DES MOINES, Iowa — Iowa’s labor commissioner has submitted notice that Iowa will not adopt or enforce the Biden administration’s vaccine-or-test requirement for large businesses, Gov. Kim Reynolds’ office announced Friday.

The federal vaccine-or-test requirement, which is currently being considered by the U.S. Supreme Court, applies to businesses with 100 or more employees. These businesses must require their employees to either get vaccinated against COVID-19 or submit a negative COVID-19 test once a week. The requirement will go into effect on Monday, Jan. 10.

Iowa is a State Plan state, which means it has the ability to write its own workplace rules for private sector and state/local government workers, as long as the rules are at least as effective as the federal OSHA regulations in preventing work-related injuries, illnesses and deaths. Iowa Labor Commissioner Rod Roberts said the state’s existing standards meet those of the federal regulations, despite not mandating large businesses to require COVID-19 vaccines or tests for their workers.

“As a State Plan state, the Iowa Division of Labor is charged with protecting the health and safety of those in the workplace and has the authority to enforce workplace safety and health standards for Iowa businesses,” Roberts said. “Iowa doesn’t have a standard requiring the COVID-19 vaccine or testing. But after closely reviewing the federal OSHA Vaccine Mandate, Iowa has determined it will not adopt the federal standard. Iowa has concluded that it is not necessary because Iowa’s existing standards are at least as effective as the federal standard change.”  

Roberts did not say how Iowa’s State Plan will be as effective as the federal OSHA rules without having a vaccine-or-test requirement for large businesses. A spokesperson for the governor’s office has not responded to WHO 13’s inquiry.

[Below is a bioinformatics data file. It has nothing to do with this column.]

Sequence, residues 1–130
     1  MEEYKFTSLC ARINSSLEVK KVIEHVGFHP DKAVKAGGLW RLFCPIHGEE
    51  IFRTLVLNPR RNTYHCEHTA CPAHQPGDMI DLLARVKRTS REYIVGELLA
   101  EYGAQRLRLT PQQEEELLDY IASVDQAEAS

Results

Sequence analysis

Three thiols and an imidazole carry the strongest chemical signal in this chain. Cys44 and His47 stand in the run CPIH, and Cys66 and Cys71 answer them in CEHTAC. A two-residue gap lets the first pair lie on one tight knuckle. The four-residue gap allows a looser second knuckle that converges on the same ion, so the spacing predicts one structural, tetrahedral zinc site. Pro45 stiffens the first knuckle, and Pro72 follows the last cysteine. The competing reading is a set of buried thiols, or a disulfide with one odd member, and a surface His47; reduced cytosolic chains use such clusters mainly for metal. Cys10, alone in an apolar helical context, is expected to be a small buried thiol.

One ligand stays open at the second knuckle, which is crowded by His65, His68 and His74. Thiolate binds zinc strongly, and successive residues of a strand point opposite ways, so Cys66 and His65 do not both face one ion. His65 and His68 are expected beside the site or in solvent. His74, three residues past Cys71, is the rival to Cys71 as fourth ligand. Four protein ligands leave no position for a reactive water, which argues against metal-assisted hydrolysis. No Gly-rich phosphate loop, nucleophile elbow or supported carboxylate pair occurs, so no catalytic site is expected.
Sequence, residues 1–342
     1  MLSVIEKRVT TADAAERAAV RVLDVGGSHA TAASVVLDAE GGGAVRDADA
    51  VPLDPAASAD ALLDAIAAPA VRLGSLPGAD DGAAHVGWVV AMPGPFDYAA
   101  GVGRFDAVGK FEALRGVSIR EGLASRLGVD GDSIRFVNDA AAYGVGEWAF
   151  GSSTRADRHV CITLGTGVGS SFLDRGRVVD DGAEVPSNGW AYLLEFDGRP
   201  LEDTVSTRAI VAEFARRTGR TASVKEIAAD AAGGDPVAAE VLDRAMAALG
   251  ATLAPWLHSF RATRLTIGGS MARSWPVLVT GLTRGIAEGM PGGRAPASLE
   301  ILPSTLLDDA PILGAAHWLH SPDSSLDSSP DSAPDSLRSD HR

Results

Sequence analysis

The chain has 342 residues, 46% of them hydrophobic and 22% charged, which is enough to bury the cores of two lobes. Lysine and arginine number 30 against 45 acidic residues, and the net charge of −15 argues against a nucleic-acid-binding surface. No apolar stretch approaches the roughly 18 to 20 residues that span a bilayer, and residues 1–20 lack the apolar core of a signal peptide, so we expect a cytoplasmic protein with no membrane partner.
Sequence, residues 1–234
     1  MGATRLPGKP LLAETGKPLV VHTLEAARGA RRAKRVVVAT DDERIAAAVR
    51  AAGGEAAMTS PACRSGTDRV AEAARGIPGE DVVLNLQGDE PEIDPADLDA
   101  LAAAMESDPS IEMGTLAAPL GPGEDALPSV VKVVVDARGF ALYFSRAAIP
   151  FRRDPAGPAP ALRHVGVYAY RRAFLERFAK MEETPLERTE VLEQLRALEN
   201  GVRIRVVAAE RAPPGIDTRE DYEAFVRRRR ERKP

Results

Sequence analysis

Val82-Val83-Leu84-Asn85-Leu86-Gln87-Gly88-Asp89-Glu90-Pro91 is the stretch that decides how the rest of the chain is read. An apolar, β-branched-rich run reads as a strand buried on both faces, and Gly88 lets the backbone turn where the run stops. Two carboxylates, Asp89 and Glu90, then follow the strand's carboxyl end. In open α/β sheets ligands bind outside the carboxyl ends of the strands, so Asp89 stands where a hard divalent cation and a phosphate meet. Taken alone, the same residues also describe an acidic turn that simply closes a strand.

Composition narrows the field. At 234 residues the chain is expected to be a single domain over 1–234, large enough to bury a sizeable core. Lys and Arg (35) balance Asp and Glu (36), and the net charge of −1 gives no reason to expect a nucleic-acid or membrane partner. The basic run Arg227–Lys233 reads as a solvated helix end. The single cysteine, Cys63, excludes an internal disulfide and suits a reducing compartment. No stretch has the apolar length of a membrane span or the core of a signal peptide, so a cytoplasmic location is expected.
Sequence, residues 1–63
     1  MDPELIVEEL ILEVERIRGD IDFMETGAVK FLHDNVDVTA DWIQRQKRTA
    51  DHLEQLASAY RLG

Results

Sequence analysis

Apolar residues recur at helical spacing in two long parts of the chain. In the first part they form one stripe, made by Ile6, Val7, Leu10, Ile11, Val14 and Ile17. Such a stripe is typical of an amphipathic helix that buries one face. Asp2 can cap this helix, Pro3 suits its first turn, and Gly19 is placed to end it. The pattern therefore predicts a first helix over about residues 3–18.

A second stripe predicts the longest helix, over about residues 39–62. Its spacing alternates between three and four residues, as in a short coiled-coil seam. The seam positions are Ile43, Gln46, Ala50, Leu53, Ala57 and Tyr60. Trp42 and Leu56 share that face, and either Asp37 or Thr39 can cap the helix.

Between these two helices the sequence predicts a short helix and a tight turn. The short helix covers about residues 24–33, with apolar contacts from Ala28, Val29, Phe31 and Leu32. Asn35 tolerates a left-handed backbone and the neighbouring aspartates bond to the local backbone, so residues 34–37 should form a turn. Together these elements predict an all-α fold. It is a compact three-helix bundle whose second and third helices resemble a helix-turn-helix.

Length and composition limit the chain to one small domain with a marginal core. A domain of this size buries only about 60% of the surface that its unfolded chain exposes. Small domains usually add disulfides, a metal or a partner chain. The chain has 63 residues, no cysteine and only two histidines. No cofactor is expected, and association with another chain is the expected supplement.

OSHA evaluates State Plans annually to determine if they meet their mandated responsibilities and are operating at least as effectively as the federal regulations. The Biden administration previously threatened to revoke the authority of Arizona, South Carolina and Utah to handle their own workplace safety enforcement because of their refusal to adopt some federal safety measures for workers at health care facilities.

Reynolds, an outspoken opponent of COVID-19 vaccine mandates, applauded Roberts’ decision to not enforce the federal policy.

“We are going to continue to protect the freedoms and liberties of Iowans,” Reynolds said. “The Biden administration continues to ignore the constitutional rights afforded to all Americans, which our country was built on. Instead, they’d rather dictate health care decisions and eliminate personal choice, causing our businesses and employees to suffer and exacerbating our workforce shortage.”  

The U.S. Supreme Court is currently considering challenges to the Biden administration’s vaccine-or-test requirement. On Friday, the Supreme Court’s conservative majority appeared skeptical of the Biden administration’s authority to impose the policy on large employers, The Associated Press reported.